There were some requests for Consumer Scotland to be able to ensure that consumers have access to advice and redress services; and some reference to the need for promotion or lobbying for a prevention agenda as well as consumer awareness and education.

Additional functions that would enable Consumer Scotland to adapt and respond to future consumer challenges

A key theme to emerge at this question was a suggestion for Consumer Scotland to have a 'horizon-scanning' role in order to check what future developments might occur, both within specific sectors and across the consumer landscape as a whole.

Another key theme was the need for Consumer Scotland to work with other bodies and regulators in Scotland and the UK.

Main Findings: Scottish Government action

Consumer advice

Views on the current consumer advice system

Comments on the current consumer advice system focused on the fragmented, inconsistent and complex nature of the current landscape. A wide range of suggestions were made as to ways in which the consumer advice system could be strengthened; these included the need for consumer bodies to work together to create consistency in advice available and better coordination of services.

A key theme was the suggestion for a single coordinating organisation offering a single point of entry to consumer protection, which would allow for accessibility to all, access to specialist agencies, consistency in available advice, better coordination across the sector and streamlining the landscape. There were also comments of a need for a funding regime that would help sustain advice and advocacy for consumers.

Views on how the Scottish Government could improve how it commissions and funds advice

Views on how the Scottish Government could improve how it commissions and funds advice often echoed points made in response to earlier questions such as the need for long term funding to help build sustainable capacity, the need to share data across organisations or the need for Consumer Scotland to be a one-stop-shop.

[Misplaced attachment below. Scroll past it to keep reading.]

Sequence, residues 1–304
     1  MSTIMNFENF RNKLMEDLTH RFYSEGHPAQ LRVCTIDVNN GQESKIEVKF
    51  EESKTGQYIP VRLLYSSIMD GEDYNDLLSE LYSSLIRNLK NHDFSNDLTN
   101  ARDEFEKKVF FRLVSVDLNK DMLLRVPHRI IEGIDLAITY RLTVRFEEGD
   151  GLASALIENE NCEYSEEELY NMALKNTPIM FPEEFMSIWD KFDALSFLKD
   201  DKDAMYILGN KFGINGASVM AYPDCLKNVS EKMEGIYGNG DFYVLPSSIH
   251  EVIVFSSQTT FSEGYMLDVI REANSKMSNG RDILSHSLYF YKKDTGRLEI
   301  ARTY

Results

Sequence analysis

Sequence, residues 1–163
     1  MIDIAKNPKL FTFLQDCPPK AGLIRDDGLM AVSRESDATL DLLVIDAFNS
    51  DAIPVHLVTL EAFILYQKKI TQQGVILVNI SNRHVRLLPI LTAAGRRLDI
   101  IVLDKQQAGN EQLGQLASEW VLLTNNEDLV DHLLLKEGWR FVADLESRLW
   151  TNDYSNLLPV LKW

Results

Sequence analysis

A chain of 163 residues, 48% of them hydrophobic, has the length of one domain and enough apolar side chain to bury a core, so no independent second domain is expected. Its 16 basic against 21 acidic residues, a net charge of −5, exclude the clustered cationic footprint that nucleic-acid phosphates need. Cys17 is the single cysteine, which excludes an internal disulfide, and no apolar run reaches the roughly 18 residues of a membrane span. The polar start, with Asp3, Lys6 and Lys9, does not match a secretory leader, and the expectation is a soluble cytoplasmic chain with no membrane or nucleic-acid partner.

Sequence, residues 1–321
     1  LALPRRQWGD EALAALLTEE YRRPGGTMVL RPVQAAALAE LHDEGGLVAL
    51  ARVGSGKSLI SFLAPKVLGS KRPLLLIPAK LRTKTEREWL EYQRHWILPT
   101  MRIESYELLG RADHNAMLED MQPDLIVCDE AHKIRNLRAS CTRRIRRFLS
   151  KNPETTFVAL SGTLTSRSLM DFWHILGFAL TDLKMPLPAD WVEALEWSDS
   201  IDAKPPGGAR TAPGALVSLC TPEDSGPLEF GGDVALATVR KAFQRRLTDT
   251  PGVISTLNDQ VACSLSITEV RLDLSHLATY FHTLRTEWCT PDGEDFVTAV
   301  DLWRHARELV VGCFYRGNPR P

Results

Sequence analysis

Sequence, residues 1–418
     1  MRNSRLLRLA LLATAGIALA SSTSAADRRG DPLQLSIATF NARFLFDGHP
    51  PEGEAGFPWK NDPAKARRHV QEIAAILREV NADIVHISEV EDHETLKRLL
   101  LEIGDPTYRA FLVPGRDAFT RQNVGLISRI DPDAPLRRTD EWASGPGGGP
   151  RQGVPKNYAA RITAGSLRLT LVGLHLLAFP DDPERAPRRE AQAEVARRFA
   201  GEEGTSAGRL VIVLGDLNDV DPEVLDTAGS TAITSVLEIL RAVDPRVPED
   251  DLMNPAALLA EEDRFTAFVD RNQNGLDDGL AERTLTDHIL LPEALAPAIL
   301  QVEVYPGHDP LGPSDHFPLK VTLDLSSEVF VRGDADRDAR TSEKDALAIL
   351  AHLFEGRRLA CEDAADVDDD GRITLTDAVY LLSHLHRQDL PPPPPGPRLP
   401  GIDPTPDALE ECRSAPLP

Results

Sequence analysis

A few respondents referred to other work that has been carried out and to which the Scottish Government could refer.

Consumer advocacy

A key theme which emerged in relation to how consumer advocacy can develop greater capacity to bring change for consumers, included the importance of having an independent and / or representative voice to support consumers. There was also some reference to the benefit of development of a customer scoreboard to provide a solid evidence base to identify areas where consumer detriment is occurring. There was also some support for the proposal that CAS would maintain its advocacy powers.

Consumer duty

Views on whether there should be a duty on public authorities to consider the impacts on consumers of policies or decisions

Most of those responding to this question felt there should be a duty on public authorities to consider the impacts on consumers of policies or decisions, albeit that some made qualifying statements in relation to their support, the key comment being the need to have a clear definition of who consumers are.

Only a very small number of respondents noted their opposition to the introduction of this duty.

How Scottish Government should use its resources and powers to improve outcomes for consumers

There were some suggestions for ways of improving consumer representation and engagement. A number of respondents echoed points made in response to earlier questions including the need to prioritise consumers and create a culture that places the interests of consumers at the heart of policy and decision-making, supporting consumer choice and driving consumer engagement, simplifying the consumer landscape, the need for medium and long term funding and reviewing how data is recorded, collated and shared.


Email: Erin McCreadie